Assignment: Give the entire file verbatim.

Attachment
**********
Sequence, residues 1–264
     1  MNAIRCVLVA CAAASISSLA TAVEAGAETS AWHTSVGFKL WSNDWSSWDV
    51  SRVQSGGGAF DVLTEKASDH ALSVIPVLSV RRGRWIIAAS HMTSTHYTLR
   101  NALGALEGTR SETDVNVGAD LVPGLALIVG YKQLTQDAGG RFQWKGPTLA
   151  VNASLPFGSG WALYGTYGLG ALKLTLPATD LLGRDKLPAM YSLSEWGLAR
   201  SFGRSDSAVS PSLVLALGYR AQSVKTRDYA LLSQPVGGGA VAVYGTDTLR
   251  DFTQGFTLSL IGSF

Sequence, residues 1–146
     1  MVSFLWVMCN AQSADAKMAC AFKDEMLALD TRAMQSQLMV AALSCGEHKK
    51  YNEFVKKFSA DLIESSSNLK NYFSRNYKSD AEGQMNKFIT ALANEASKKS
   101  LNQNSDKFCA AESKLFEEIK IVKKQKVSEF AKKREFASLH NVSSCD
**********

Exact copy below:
Sequence, residues 1–264
     1  MNAIRCVLVA CAAASISSLA TAVEAGAETS AWHTSVGFKL WSNDWSSWDV
    51  SRVQSGGGAF DVLTEKASDH ALSVIPVLSV RRGRWIIAAS HMTSTHYTLR
   101  NALGALEGTR SETDVNVGAD LVPGLALIVG YKQLTQDAGG RFQWKGPTLA
   151  VNASLPFGSG WALYGTYGLG ALKLTLPATD LLGRDKLPAM YSLSEWGLAR
   201  SFGRSDSAVS PSLVLALGYR AQSVKTRDYA LLSQPVGGGA VAVYGTDTLR
   251  DFTQGFTLSL IGSF

Sequence, residues 1–146
     1  MVSFLWVMCN AQSADAKMAC AFKDEMLALD TRAMQSQLMV AALSCGEHKK
    51  YNEFVKKFSA DLIESSSNLK NYFSRNYKSD AEGQMNKFIT ALANEASKKS
   101  LNQNSDKFCA AESKLFEEIK IVKKQKVSEF AKKREFASLH NVSSCD